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Can You Really Help Your Teen Without Cramping Their Style?

As a parent, there was probably a time when your tiny bundle of joy didn’t think twice about asking for your help. After all, our parents are our go-to sources of guidance and love for at least the first twelve or more years of our life, and you were likely the first person your kid’s turned to when dealing with everything from learning how to tie their shoelaces to understanding how to navigate friendship breakups.

Unfortunately, nothing lasts forever and, while your child may well return to your guidance in their later life, their teen years, in particular, are likely to see them not only failing to turn to you first but actively rebuffing your advice. After all, everything our parents do when we’re teens has a habit of cramping our style, and advice-giving is no different. Before you know it, you could be cast out entirely, and all at a time when your child is facing a set of brand new challenges that they’re not necessarily equipped for.

This can be difficult for any dad, and things like breakups, exam stress, and more could see you wanting to barge right in there regardless of whether you’re wanted or not. Unfortunately, doing so could well make the situation worse, but that doesn’t mean that you’re entirely powerless here. All that you need to do is consider the following ways to keep on guiding your child like you always have, without the risk of cramping their style or even necessarily letting them know that you’re doing so in the first place. 

# 1 – Appreciate the value of mistakes

Your teen is growing up and learning to stand on their own two feet, which is a large part of the reason why they don’t ask for your help half as easily anymore. As difficult as this transition can be, mistakes made during this process are crucial for teaching independence and ensuring that they’re better able to handle things on their own moving forward. If you step in every time your teen looks like they’re about to do something stupid, you’ll therefore prevent them from ever learning the right ways to act for themselves. Obviously, things like putting themselves in physical harm are exceptions to this rule but, generally speaking, if your child fails to do their homework or treats a friend badly, letting the situation run its course is the best help you can offer. This way, there’s no risk that they can accuse you of meddling, yet you’ll be in the ideal position to guide them towards the lessons hiding within those mistakes, and even offer sage words of advice when they finally come to you asking for help with a resolution.

# 2 – Let them know you’re available

Teen-parent relationships involve some of the most complex social dynamics going, with teens, in particular, programmed to rally against their parents. If a pushy dad offers unwarranted advice, the divide between him and his child will only grow and could result in that teen’s complete closing down to the possibility of ever seeking help here. By comparison, something as pressure-free as letting your child know that they can talk to you without risk of judgement is going to go down far better and keep that divide carefully bridged. From here, you must take a step back and remain neutral and advice-free until your teen specifically comes to you with a problem. That way, you provide an olive branch without also pushing them away from ever perching there. 

# 3 – Draw on your own experiences

When we’re caught in the middle of them, our teen years can feel like some of the most isolating imaginable, and each experience/struggle feels like it’s unique to us. Realising that this isn’t the case can be incredibly reassuring, but it’s also not something that your teen is going to accept if you simply offer blind advice without providing context. Instead, navigating teen advice is all about drawing on your own experiences, and showing your teen that they aren’t alone in the process. After all, from the trials of heartbreak with someone who’s entirely wrong for us to the struggles of desperately searching for the right university course and an example personal statement that helps to increase our chances of getting accepted, most teen struggles are universal across ages. Even better, by talking about yourself rather than getting personal about your teen, you ensure non-invasive advice that they’re far more likely to listen to, ruminate on, and ultimately learn from.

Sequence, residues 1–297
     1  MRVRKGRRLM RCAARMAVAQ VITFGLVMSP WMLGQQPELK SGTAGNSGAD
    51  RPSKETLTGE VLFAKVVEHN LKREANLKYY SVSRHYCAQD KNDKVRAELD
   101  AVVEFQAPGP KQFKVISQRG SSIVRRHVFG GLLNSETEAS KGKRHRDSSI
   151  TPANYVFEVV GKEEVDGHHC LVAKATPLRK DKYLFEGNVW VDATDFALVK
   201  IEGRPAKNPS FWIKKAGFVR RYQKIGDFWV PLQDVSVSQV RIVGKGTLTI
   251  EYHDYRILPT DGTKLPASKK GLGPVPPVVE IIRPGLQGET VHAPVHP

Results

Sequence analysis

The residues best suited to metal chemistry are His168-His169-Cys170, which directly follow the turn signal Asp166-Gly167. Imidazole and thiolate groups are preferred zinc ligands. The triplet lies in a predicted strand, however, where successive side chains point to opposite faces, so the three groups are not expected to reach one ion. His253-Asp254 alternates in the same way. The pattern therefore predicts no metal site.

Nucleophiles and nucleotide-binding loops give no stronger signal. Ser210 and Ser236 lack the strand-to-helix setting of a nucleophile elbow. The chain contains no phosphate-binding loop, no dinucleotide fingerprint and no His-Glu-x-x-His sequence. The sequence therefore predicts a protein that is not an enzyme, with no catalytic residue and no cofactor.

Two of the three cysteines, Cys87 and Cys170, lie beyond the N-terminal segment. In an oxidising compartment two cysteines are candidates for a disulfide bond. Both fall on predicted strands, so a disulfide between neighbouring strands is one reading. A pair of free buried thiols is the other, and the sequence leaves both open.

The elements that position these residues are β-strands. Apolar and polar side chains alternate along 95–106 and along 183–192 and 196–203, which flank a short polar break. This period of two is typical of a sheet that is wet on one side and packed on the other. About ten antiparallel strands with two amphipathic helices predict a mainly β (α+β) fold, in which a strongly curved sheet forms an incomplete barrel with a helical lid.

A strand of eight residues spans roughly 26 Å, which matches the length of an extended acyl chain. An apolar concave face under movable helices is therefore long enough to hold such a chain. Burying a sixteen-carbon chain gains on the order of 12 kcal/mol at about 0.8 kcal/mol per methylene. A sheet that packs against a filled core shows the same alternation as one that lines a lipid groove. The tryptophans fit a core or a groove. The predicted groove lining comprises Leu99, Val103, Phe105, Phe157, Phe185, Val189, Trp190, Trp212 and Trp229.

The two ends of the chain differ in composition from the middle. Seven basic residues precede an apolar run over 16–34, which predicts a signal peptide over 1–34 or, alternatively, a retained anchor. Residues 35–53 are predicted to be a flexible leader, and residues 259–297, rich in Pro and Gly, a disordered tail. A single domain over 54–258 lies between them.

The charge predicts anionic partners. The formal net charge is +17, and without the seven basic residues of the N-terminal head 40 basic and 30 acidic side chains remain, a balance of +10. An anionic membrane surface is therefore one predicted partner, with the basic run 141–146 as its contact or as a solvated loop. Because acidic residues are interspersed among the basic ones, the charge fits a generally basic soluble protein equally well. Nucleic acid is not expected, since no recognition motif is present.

# 4 – Always leave the choices to your teen

If you tell any teenager what to do, they’ll throw their arms in the arm and slur the words ‘I hate you,’ or something else that sounds like it came fresh out of Kevin and Perry. Remember – your teen is in the difficult process of breaking away from you, and they don’t want you pushing them or ordering them around right now. As such, even if your teen approaches you for advice, you must leave the important choices to them. You should certainly avoid definitive language like ‘you should do this,’ or ‘you have to do that’ in place of taking a more neutral stance, and instead saying things like ‘what do you think you should do?’ While this is a subtle difference, it’s far more like the techniques employed by a psychologist, and has incredible teaching benefits for teens as it makes them come to conclusions on their own with just the slightest guidance from you to keep them on the right track and approaching problems in the most sensible ways.

Navigating your role as a parent during these teen years can feel a lot like walking on a minefield while blindfolded, but the reality is that there are ways to clear the field without an explosion. Simply start on the right footing by implementing these crucial pointers for offering advice without cramping your teen’s style or turning them against you for good.

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